Indoors

I Like My Kindle eBooks

I’ve been thinking about doing this post for months. Initially I contemplated giving it some Buzzfeed-style catchy title (17 Ways My Kindle Makes My Life Worth Living) but in the end I opted for simple, what-it-says-on-the-tin title. So here it is.

kindle photoshoot3

I’ve mentioned books on this blog here and there, mostly either LM Montgomery’s Anne of Green Gables or Agatha Christie, or, if it’s a Gloomscapes post, a dystopian novel. This post not strictly about books, though, it’s about their format. The reason? Well, eBooks need some love. I’m fed up with the stupid comments about how eBooks will never be as good as “real books” and how you can’t really get immersed in an eBook and real books, nothing beats the smell of real books, realbooks, reAAAAALBOOKS waah waah waah! So, here I want to list my reasons why I LIKE eBooks.

However, this is not a physical books versus eBooks article. It’s not a war and it’s actually possible to like both. It’s an eBook appreciation piece—nothing more, nothing less.

Before I start, Disclaimer 1: I’m going to talk about Kindle eBooks, because that is the format I’m familiar with. Most of the main points should apply to other brands, but some of them may not.

Disclaimer 2: I do not work for Amazon and this post is not endorsed by Amazon.

kindle coffee cake

  • eReaders are compact – in a device the size of a paperback, you can store 1000s of books and carry them around with you wherever you go.
  • Speed – eBooks take seconds to download. Now this may sound lazy, I can hear those “instant gratification” comments already. But it’s more than that. People who may not have time to go to bookstores due to work and family commitments, people who live in remote locations with no bookstore in a reasonable distance, people who have disabilities that make going to a bookstore a difficult task.
  • RealBooks look better on the shelf!” they say. I’m sure that’s very nice, but… what if you don’t have a bookshelf? We live in hard times. Not everyone can afford to buy big houses with large rooms where you can dedicate multiple walls to bookshelves. A lot of people rent, a lot of people can only buy small abodes with little to no space for bookshelves. And if you’re still far from being settled down and know you’ll have to move several times, moving physical books just adds to your load.
  • In-built dictionary. May not seem that important, but if you’re not a native English speaker, it sure is useful. Highlight a word and a definition appears. Yes, yes, you can look up the word in a physical dictionary but you don’t always have one by hand. Or you’re reading on your lunch break at work, on a train or bus.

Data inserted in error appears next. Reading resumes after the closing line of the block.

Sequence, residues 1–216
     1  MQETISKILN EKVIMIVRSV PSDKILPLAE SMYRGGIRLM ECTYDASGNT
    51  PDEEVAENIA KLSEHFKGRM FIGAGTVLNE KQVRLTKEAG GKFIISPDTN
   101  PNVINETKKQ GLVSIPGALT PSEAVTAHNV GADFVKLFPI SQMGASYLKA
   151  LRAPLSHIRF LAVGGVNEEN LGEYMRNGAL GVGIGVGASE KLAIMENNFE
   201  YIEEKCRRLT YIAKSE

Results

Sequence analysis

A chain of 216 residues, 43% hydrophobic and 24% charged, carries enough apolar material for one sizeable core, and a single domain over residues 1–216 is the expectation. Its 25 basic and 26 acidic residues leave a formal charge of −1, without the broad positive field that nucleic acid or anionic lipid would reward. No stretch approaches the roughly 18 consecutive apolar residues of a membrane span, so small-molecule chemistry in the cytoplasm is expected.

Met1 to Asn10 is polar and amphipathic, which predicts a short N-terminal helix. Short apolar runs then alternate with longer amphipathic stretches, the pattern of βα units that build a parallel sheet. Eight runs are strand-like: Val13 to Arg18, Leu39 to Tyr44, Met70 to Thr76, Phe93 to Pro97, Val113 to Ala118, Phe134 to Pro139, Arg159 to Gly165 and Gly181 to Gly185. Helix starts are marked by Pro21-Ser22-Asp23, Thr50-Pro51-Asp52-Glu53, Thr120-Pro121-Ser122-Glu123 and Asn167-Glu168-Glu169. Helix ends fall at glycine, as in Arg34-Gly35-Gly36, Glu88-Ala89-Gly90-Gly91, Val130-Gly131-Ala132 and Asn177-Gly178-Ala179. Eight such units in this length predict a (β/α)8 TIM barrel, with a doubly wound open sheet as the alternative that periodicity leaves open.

kindle dictionary

  • Free classics/public domain books. Books that are in public domain are available for free in multiple formats. Shakespeare, the Bronte sisters, Jane Austen, Charles Dickens, Mary Shelley, Arthur Conan Doyle and Robert Louis Stevenson are just few examples. This is fantastic for lovers and students of classic literature, of course, and it also happens to be my favourite point, because this is how I was able to finally access all the LM Montgomery books after I moved to UK. Try as I might, I couldn’t find any of LM’s books in shops and libraries (I read somewhere that her books, or at least the Anne series, have never been out of print. I’ve never seen them in print!*) I still remember the feeling of absolute joy when I discovered her workon Gutenberg. Through a link on Wikipedia, no less. I downloaded all of them one by one and read them on my laptop, as this was before e-readers became mainstream. I was so, soooo happy to finally read all of LM Montgomery’s books in English! I can’t describe it to you how happy I was. (I soon found out how terribly bad the translations into my language were, but that’s another topic).
  • Highlights and notes – highlight passages and make notes as you want, without damaging the book. Because Goodreads is owned by Amazon, your Kindle notes and highlights will be saved there and you can choose to keep them private or make them public. Here are mine. Also, if you purchase a Kindle book on Amazon, you can highlight and share directly to Twitter or Facebook.
  • No need for bookmarks. The book stays where you left it. Of course, if you love bookmarks because they are art, that’s great. This is more for those people that always lose them and then have to resort to shoelaces, bus tickets, supermarket receipts and the like.
  • Accessibility. Size of font can be changed, perfect for people with visual impairment. On a different level, e-readers are also very light. I remember someone commenting on a Goodreads post that they appreciated Kindle when they broke both their wrists and books became too heavy to hold.
kindle largefont
Largest possible font
  • Prevent loss of books by backing them in a cloud. Books get lost. You move from home, to a different city, or a different country, can’t take your books with you. You settle in the new city/country, go back home to get your books, but those are nowhere to be found, because your family lost them and didn’t tell you and instead let you search desperately everywhere from floor to ceiling for them, not helping you search for them, repeating that they have no idea where those books could be, that they were right there last year. Until you realise that the books are gone forever and they won’t be so easy to obtain again because they are out of print. No such problems with eBooks. Even if some wicked person gets hold of your e-reader and deletes every book you have stored on it. I don’t know about other brands but with Amazon Kindle you keep all your purchases in your cloud; if this is not the case with whichever product you’re using, please make sure you back your eBooks up. This goes for all the digital content.
  • eBooks can’t be lent. “Can I borrow that book you talked about?” “No, it’s an eBook.” May sound mean, but come on, how many books have you lent to people, only for them to never be returned to you? Or returned in a terrible shape? EBooks beautifully eradicate that issue. Get your own copy, you thief.